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  • Getting the lead out

Oct 2006
David Shenkenberg

Lead can kill people and poison the environment, but existing techniques can measure only total lead content. In principle, fluorescent chemosensors can provide information on exchangeable lead pools with spatial and temporal resolution, but these molecules cannot function in water or in living cells. Assistant professor Christopher J. Chang and colleagues at the University of California, Berkeley, have developed a fluorescent sensor, called Leadfluor-1, that detects lead in water and living cells.

The researchers report in the July 26 issue of the Journal of the American Chemical Society that they combined a fluorescein scaffold with a dicarboxylate pseudocrown receptor to create the sensor. They chose the receptor because it satisfied the size and charge requirements of the lead cation. The Leadfluor-1 emission spectra remained similar to that of fluorescein, which has visible excitation and emission spectra that do not damage cells, as do UV and infrared. Also, certain molecules in cells exhibit autofluorescence upon exposure to the invisible part of the spectrum, and fluorescein’s spectral properties avoid that problem. Furthermore, viewing its fluorescence does not require a special detector.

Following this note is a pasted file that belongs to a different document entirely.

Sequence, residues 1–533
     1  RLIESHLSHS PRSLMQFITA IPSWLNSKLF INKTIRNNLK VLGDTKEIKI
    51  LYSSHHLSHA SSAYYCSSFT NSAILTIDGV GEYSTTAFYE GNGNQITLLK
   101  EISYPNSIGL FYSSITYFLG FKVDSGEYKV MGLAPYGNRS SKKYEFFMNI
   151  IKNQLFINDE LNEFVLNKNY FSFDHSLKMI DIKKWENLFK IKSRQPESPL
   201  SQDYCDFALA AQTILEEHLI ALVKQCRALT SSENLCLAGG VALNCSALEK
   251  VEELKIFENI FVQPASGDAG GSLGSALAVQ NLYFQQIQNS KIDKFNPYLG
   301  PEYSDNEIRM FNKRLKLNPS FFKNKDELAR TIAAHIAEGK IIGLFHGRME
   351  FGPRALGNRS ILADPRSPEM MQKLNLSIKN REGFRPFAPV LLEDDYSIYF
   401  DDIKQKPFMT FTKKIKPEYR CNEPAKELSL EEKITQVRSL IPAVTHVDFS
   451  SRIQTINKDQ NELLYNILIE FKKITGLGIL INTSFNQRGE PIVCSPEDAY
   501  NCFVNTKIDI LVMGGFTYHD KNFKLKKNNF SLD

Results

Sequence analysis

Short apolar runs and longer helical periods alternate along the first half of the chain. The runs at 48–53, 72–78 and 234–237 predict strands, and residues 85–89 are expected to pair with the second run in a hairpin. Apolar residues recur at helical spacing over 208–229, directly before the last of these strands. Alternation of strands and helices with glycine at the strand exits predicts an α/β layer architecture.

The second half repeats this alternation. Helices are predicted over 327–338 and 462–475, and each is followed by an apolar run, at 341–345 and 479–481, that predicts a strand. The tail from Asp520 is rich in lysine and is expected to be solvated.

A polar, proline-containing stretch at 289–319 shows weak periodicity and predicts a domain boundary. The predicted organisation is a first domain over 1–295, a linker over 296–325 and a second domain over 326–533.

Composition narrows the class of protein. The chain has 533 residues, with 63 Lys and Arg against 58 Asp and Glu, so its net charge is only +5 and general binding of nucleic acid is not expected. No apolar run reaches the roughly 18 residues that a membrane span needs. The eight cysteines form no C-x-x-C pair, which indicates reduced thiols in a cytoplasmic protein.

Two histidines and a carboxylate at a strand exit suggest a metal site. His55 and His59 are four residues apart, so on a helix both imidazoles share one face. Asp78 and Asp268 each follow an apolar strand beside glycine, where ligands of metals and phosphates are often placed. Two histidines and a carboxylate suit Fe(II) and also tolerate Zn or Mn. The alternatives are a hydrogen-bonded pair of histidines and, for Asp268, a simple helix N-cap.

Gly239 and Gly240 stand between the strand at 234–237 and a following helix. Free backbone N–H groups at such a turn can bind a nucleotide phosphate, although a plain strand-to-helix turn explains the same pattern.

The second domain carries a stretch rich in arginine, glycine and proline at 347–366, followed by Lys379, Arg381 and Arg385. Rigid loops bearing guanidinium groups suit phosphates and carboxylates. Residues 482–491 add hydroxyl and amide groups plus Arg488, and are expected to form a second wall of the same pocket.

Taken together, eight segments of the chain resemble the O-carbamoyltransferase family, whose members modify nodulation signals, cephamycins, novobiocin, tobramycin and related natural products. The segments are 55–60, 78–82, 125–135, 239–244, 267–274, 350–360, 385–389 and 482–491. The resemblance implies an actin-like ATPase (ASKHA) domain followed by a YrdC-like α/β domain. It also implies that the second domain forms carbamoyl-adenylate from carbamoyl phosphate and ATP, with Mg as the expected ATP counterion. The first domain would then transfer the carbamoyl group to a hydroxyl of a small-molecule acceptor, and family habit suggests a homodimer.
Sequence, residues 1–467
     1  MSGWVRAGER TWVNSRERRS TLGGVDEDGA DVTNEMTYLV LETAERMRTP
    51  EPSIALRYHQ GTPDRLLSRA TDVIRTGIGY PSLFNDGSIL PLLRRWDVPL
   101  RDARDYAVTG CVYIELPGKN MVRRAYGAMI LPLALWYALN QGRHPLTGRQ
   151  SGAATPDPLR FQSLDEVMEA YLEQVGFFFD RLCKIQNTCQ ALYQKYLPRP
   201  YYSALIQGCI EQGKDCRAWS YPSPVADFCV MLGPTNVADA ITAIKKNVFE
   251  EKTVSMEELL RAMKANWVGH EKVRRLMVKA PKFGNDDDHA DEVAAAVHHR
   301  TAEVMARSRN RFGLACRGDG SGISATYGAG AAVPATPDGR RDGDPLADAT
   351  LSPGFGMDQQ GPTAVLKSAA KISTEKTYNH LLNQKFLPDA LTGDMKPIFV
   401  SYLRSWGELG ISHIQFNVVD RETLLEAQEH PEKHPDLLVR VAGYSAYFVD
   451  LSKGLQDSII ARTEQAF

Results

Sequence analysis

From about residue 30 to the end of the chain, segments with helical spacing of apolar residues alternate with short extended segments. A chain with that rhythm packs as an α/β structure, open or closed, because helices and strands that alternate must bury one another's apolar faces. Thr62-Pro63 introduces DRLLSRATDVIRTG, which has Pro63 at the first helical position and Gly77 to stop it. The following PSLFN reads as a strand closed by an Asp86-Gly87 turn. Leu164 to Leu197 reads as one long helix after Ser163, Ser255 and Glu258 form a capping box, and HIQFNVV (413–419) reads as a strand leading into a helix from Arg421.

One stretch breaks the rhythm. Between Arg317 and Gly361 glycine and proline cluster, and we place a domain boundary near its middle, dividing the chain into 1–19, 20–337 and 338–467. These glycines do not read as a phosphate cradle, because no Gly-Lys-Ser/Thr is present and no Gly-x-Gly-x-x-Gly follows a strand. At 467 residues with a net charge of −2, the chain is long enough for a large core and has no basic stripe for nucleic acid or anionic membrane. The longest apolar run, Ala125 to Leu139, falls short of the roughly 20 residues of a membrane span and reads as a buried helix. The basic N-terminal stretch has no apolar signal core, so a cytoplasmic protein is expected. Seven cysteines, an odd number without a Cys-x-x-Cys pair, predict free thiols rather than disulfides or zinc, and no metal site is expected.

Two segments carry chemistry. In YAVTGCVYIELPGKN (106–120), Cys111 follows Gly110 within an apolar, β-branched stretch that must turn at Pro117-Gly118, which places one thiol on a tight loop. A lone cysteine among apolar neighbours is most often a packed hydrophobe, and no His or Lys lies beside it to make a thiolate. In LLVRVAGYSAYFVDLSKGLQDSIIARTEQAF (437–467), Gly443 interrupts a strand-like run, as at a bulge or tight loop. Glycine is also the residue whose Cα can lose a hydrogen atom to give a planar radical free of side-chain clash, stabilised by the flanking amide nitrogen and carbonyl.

The fluorescence intensity of Lead-fluor-1 increased by up to 18 times in the presence of lead. The fluorescence rose 15 percent, with an error of 2 percent, upon the addition of 15 parts-per-billion of lead in drinking water, the maximum amount allowed by the FDA. Treatment with the chelator TPEN returned the fluorescence to within 5 percent of baseline levels. The researchers tested the response of the sensor to other biologically relevant ions, and it demonstrated selectivity for lead.

The lab plans to further modify Leadfluor-1 so that it emits more brightly and exhibits a greater dynamic range, so as to increase its sensitivity and selectivity for lead.

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